Can a Bad Parent Be a Good President?

What does it say about a man when his children aren’t willing to campaign for him?

Is it a private family matter, or a public measure of character?

Does being a good parent have anything to do with being a good president?

In the wake of news reports that Rudy Giuliani’s 18-year-old year old daughter and 21-year-old son from his second marriage to Donna Hanover would not be appearing on the campaign trail with their dad, the former New York mayor asked the press to respect his family’s privacy, and leave his kids out of it.

Rudy Giuliani isn’t asking people to vote for him for president because he was a good father. So does it matter if he wasn’t?

Of course, Rudy is not the only candidate in this race with personal problems he’d like to take off the table. Is there anyone who doesn’t have an opinion about whether Hillary should have stayed with or left Bill ? Is there anyone whose view of her isn’t shaped, at least in part, by that decision, and how we understand her motivations in making it? Fair or not, in Hillary’s case, the personal is political.

Of course, Rudy’s argument for privacy is stronger because it is his kids’ privacy as well as his own that is at stake. When you run for office, or marry someone who does, you make a choice to live your life in public. But kids don’t get to choose. If a parent isn’t using his kids publicly to say something about him or his qualifications, there’s generally no good reason for the press to drag them into a spotlight they haven’t sought.

But what if it’s not the spotlight the kids are avoiding, but their father? What if the problem is not the campaign, but the parent-child relationship? Ask any normal person whether it says something about Giuliani that his kids don’t want to campaign for him, and there’s only one answer. Of course it does. It tells you about his character.

My friend Annie always says that you’re only as happy as your least happy child. That’s certainly true for me: my children are the center of my life; and my relationships with them define me. Being their mother is the most important thing I do. It is, in the most fundamental sense, who I am.

But I’m not a politician, an occupation that is notoriously tough on parent-child relationships. The best politicians are out there every night of the week, raising money, in the community, meeting voters, doing interviews. They are not home supervising their kids’ homework. Washington D.C., is full of kids who grow up with absent parents, sometimes at great personal cost, because their parents spend more time doing our work than their own. It could be argued that we should be grateful for the parents' sacrifice, or at the very least, not punish them for having made it.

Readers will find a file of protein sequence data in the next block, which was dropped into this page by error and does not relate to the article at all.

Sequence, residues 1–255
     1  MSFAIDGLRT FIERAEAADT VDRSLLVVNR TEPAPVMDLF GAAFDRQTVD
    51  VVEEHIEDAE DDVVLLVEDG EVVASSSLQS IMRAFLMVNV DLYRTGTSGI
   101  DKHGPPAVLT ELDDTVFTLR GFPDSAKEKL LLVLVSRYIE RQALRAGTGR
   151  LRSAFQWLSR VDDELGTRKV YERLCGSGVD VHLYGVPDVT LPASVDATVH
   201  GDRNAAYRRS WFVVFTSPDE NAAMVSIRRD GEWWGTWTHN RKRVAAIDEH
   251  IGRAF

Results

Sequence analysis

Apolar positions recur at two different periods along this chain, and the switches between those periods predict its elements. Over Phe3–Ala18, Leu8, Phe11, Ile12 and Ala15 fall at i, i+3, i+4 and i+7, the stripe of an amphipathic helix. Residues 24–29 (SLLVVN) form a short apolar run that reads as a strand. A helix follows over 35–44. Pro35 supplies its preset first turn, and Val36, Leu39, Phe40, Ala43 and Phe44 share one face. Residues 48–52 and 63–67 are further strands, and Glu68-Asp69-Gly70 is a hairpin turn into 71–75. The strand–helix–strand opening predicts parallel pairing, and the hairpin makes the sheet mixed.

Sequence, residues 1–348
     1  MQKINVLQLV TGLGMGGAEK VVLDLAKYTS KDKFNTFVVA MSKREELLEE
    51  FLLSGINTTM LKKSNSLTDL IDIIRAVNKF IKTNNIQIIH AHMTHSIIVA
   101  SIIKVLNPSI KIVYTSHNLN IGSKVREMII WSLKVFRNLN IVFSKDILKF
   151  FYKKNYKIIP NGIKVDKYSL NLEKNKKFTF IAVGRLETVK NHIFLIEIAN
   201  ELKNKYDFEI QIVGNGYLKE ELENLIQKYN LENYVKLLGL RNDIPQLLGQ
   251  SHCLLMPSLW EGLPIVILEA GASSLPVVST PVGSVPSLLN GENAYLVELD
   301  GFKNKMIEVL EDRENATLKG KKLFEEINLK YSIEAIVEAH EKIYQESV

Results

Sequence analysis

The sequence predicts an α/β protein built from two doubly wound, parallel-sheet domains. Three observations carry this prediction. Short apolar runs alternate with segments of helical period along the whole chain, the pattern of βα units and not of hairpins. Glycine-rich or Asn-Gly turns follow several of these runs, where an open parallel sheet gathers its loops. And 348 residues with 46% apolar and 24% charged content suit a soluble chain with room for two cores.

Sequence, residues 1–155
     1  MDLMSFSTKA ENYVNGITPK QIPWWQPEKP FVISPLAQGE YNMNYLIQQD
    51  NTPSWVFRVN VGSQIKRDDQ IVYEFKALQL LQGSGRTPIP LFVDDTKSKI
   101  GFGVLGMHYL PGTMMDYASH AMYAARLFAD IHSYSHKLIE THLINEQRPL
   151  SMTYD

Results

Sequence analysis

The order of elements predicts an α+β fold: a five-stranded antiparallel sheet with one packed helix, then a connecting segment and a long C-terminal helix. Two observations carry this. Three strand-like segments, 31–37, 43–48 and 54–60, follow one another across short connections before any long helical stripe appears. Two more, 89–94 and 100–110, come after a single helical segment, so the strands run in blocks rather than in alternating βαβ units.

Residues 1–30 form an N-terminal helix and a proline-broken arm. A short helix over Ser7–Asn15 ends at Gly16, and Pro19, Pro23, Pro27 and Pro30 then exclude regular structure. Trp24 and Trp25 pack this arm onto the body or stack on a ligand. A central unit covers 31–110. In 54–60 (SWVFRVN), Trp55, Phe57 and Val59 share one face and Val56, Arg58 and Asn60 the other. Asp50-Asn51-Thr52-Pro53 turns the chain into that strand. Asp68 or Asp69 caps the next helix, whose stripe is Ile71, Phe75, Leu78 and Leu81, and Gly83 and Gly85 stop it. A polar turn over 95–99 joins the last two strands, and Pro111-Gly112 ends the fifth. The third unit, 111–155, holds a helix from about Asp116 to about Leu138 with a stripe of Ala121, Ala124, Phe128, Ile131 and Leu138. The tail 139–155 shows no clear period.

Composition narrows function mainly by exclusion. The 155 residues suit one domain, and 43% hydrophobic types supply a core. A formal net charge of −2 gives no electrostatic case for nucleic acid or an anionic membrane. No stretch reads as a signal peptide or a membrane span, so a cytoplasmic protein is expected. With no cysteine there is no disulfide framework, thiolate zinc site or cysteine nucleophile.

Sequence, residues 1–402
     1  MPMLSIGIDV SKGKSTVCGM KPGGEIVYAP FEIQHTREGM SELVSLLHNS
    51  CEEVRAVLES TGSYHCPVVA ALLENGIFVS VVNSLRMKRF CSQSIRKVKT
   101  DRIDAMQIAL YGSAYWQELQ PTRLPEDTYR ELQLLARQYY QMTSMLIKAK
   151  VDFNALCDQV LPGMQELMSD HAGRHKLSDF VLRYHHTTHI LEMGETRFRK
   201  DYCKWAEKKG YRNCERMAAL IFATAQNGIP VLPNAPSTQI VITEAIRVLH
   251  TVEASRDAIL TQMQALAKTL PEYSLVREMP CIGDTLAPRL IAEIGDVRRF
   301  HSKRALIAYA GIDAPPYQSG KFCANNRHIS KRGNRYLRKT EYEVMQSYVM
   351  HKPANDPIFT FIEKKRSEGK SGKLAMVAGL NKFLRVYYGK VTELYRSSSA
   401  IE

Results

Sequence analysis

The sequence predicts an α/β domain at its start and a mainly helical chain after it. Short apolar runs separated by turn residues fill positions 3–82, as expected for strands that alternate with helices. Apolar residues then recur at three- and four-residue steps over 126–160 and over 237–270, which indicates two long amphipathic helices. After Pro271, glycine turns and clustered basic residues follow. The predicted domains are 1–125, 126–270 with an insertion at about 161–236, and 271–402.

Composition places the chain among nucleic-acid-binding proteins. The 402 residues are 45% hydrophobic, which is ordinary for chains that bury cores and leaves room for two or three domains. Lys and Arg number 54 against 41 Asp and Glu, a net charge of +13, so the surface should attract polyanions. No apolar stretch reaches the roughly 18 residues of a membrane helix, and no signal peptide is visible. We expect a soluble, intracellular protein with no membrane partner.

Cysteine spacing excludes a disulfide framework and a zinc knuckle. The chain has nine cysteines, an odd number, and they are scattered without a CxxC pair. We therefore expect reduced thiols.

In the Giuliani case, the problem wasn’t just that the kids grew up in the spotlight, sharing their dad with the city, but also the painfully common one of living through their parents’ divorce, in their case an ugly and public one. In a country in which half of all marriages end in divorce, we no longer consider getting divorced to be a disqualification for high office. But how you get divorced, and how you treat your children in the process, is another matter.

The problem for Giuliani is that he had a terrible divorce. He announced he was leaving his wife on television. She responded with not so veiled suggestions of infidelity. His lawyer accused her of squealing like a stuffed pig, on Mother’s Day no less. The Mayor went to court to try to force his children to spend overnights with him and his then-girlfriend, against their wishes. He and his son are still working to repair their relationship.

The problem, in short, is not Giuliani’s kids, but him. It’s not what they’re not doing, but what he did to them, that is likely to be an issue in this campaign. You can leave the kids out of it, but he’s the man, and it’s on his head. And for many of us, it is hard to see Rudy and Judy doing the lovebird thing without thinking of the kids who paid the price.

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Susan Estrich is currently the Robert Kingsley Professor of Law and Political Science at the University of Southern California. She was previously Professor of Law at Harvard Law School and was the first woman President of the Harvard Law Review. She is a columnist for Creators Syndicate and has written for USA Today and the Los Angeles Times.

Estrich's books include the just published “Soulless,” “The Case for Hillary Clinton,” “How to Get Into Law School,” “Sex & Power,” “Real Rape,” “Getting Away with Murder: How Politics Is Destroying the Criminal Justice System,” and "Making the Case for Yourself: A Diet Book for Smart Women.”

She served as campaign manager for Michael Dukakis' presidential bid, becoming the first woman to head a U.S. presidential campaign. Estrich appears regularly on the FOX News Channel, in addition to writing the “Blue Streak” column for

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